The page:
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Kidney Int. 2015 Dec;88(6):1250-1260. doi: 10.1038/ki.2015.307. Epub 2015 Oct 14.

Reducing hospital readmissions in patients with end-stage kidney disease.

Author information

1
Division of Kidney Diseases and Hypertension, Hofstra North Shore-LIJ School of Medicine, Great Neck, New York, USA.
2
Diaverum Medical Scientific Office, Lund, Sweden.
3
School of Public Health, University of Sydney, Sydney, NSW, Australia.
4
Department of Emergency and Organ Transplantation, University of Bari, Bari, Italy.
5
Diaverum Academy, Bari, Italy.
6
Department of Translational Medicine, Amedeo Avogadro University of Eastern Piedmont, Novara, Italy.

Abstract

ESKD patients have a large burden of disease, with high rates of readmission to hospital compared with the general population. A readmission after an acute index hospital discharge is either planned or unplanned. A proportion of unplanned readmissions are potentially avoidable, and could have been prevented with optimized transitional care. Readmissions pose financial cost to the health care system and emotional cost to patients and caregivers. In other chronic diseases with high readmission risk, such as congestive heart failure, interventions have improved transitional care and reduced readmission risk. In reviewing the existing literature on readmissions in ESKD, the definition and risk of readmission varied widely by study, with many potentially associated factors including comorbid diseases such as anemia and hypoalbuminemia. An ESKD patient's requisite follow-up in the outpatient dialysis facility provides an opportunity to improve transitional care at the time of discharge. Despite this, our review of existing literature found no studies which have tested interventions to reduce the risk of readmission in ESKD patients. We propose a framework to define the determinants of avoidable readmission in ESKD, and use this framework to define a research agenda. Avoidable readmissions in ESKD patients is a topic prime for in-depth study, given the high-risk nature in this patient population, financial and societal costs, and potential for risk modification through targeted interventions.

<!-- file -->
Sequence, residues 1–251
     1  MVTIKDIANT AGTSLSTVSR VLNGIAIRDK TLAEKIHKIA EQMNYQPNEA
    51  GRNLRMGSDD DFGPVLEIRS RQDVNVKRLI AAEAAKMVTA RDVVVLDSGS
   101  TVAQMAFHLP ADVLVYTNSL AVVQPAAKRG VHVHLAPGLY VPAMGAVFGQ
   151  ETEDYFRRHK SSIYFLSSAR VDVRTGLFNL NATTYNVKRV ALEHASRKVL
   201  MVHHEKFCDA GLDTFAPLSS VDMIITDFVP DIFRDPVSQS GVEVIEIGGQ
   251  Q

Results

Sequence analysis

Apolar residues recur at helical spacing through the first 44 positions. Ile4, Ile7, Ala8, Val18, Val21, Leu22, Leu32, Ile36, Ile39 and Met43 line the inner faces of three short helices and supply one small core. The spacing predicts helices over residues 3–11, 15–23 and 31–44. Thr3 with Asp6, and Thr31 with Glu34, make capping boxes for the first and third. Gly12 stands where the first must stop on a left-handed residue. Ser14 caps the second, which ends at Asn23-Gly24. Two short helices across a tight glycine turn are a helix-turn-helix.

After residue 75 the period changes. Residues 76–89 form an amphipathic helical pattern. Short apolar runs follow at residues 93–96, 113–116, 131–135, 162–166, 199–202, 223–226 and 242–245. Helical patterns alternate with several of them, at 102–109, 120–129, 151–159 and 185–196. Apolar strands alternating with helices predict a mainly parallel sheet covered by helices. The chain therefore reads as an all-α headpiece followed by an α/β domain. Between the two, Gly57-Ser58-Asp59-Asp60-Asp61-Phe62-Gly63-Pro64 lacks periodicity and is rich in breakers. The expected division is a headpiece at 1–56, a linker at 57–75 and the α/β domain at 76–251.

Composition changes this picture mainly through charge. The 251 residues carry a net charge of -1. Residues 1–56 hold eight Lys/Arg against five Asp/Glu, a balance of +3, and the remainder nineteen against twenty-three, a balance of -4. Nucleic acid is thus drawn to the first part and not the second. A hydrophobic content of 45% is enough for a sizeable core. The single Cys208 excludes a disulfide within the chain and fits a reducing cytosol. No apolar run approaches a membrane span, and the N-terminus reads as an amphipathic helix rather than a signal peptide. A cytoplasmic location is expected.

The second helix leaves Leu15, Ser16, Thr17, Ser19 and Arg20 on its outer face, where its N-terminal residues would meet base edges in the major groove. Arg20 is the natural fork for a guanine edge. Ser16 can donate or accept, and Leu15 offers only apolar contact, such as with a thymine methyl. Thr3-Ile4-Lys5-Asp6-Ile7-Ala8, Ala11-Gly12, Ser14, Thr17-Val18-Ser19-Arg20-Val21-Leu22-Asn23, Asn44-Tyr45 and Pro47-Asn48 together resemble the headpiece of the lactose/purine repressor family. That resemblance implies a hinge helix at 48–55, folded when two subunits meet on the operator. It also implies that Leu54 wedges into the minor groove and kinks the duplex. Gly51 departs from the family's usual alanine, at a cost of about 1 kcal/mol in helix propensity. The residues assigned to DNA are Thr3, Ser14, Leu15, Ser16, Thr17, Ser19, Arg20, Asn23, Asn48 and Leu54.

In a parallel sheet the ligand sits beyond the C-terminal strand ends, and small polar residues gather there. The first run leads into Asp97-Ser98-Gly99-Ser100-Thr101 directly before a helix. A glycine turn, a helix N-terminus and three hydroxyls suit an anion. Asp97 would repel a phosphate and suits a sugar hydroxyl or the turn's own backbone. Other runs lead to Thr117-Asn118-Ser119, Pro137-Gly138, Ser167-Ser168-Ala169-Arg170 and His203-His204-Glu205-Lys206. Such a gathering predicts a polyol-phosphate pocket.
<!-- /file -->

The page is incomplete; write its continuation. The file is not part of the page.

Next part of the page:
PMID:
26466320
DOI:
10.1038/ki.2015.307

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